There were several problems with this plan. The proposed force was boxed in between SDF and Syrian government territory, and it needed the acceptance of the SDF to attack south of Tel Abyad through SDF territory. The US was wary of the ideological reliance of the militants backed by Turkey, fearing that they were largely hostile to the US and would cause issues in operations. Another sticking point was the fact that it took Turkey seven months to capture Al-Bab with this army, coupled with a rather poor performance overall.14.“Why the Pentagon doesn’t want Turkey’s help in Syria” : The Washington Examiner15.“When It Comes to Syria and the Kurds, Erdogan Will Leave Washington Empty-Handed” : War on the Rocks

Militarily, the Raqqa operation went smoothly for both the SDF, as well as the US, though at a high cost of civilian casualties and large destruction to the infrastructure of the city. After Raqqa, the SDF continued to conquer IS territory along the Euphrates Valley towards Deir ez-Zor, capturing several large oilfields along the way. The Islamic State was a shell of its former self, and defeated in all but name. This is the point where, for the US, a future opposition towards Iran and by extension all government troops, became an important goal. In turn, this led the SDF into conflict with Russia and the Syrian government. The previous friendly approach by Russia towards the SDF can’t be upheld if the SDF becomes a true US proxy. This probably changed the Russian approach towards them, as in the past Russia supported Afrin in various ways, stationing soldiers, training SDF troops, and conducting air-strikes to assist them.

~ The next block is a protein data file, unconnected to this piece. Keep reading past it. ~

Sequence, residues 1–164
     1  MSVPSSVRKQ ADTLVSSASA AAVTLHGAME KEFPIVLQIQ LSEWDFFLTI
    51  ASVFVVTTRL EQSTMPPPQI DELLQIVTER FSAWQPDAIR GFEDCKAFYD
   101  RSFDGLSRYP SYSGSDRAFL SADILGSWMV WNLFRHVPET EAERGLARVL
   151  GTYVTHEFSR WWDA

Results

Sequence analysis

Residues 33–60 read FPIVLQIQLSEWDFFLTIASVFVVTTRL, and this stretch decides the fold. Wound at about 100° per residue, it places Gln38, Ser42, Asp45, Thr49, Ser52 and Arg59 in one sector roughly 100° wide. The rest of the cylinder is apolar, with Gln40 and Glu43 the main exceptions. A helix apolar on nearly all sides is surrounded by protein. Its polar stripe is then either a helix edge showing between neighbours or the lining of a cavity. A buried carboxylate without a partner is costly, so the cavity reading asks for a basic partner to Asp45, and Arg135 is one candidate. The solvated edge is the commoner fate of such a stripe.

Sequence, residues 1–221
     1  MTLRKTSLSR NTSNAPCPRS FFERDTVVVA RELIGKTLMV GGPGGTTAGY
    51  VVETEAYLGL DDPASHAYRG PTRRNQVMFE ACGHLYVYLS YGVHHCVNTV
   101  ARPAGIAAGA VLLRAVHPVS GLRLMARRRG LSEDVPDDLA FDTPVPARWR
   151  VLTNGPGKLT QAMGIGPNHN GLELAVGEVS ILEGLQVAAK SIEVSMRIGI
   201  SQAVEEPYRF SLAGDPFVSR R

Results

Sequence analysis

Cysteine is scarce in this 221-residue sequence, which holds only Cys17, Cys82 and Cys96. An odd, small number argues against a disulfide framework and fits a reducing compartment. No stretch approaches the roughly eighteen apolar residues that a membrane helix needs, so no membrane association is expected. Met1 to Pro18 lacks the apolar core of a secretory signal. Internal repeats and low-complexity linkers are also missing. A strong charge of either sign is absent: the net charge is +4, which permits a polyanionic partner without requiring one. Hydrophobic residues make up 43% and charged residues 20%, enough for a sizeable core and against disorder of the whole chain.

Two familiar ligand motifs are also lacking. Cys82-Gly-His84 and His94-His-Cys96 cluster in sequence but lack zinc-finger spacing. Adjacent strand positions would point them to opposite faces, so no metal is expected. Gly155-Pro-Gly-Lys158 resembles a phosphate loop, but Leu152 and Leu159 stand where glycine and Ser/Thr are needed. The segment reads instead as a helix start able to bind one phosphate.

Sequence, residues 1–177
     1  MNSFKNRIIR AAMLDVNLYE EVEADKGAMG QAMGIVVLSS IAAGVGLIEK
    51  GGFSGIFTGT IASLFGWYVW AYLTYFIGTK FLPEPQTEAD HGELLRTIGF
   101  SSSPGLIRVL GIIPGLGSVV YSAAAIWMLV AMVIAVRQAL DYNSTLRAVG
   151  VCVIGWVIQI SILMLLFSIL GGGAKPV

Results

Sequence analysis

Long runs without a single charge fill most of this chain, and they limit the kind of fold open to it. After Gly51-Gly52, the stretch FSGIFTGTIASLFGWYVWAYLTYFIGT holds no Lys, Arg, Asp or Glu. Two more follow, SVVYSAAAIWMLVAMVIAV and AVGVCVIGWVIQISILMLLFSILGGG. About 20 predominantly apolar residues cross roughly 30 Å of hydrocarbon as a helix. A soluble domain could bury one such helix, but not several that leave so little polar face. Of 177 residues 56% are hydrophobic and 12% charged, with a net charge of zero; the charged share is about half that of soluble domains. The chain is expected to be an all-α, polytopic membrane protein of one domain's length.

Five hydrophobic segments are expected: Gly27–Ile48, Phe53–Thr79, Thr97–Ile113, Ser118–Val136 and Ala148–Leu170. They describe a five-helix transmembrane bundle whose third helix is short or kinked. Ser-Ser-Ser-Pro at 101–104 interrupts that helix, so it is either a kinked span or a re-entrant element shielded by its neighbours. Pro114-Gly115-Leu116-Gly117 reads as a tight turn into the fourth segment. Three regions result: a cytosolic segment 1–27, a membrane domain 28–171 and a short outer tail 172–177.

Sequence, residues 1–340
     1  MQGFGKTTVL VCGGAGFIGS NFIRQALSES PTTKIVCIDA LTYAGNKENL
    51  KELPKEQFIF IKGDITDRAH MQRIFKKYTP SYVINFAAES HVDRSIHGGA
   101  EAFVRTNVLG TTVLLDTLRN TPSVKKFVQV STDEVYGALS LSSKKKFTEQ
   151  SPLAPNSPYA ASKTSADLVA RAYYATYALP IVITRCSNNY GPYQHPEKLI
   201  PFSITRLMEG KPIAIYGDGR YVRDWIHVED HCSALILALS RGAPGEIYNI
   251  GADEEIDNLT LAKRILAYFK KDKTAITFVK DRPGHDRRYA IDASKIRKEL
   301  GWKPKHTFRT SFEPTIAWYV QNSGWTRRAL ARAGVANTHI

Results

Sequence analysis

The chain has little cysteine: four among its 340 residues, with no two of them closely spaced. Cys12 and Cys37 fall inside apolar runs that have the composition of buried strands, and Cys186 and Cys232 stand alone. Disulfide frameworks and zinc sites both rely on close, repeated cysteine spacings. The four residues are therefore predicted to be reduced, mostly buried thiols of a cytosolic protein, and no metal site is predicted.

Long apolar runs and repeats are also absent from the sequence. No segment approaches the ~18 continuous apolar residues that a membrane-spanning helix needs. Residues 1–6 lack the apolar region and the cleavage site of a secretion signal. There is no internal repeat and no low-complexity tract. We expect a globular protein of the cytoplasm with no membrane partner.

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The Afrin Operation

The start of the Turkish “Olive Branch” operation, the invasion of Afrin, laid bare the cracks within each respective political camp. The YPG is now in open warfare with Turkey, the NATO ally of their main supporter. Turkey’s rhetoric vis-a-vis the US is becoming increasingly belligerent while the US have remained rather silent on the whole ordeal other than a few vague news releases.16.“Turkish President Erdogan offers US ‘Ottoman slap’ ahead of Rex Tillerson’s visit” : The Independent17.https://twitter.com/abdbozkurt/status/96676744200453325718.“Mixed Messages From U.S. as Turkey Attacks Syrian Kurds” : The New York Times So far, Washington has yet to outright condemn Turkish actions, but they also have not stopped, or even attempted to stop YPG reinforcements heading to Afrin to fight Turkey. The US are keeping themselves rather secluded from this whole ordeal and are acting neutral in the interest of covertly maintaining their previous strategy.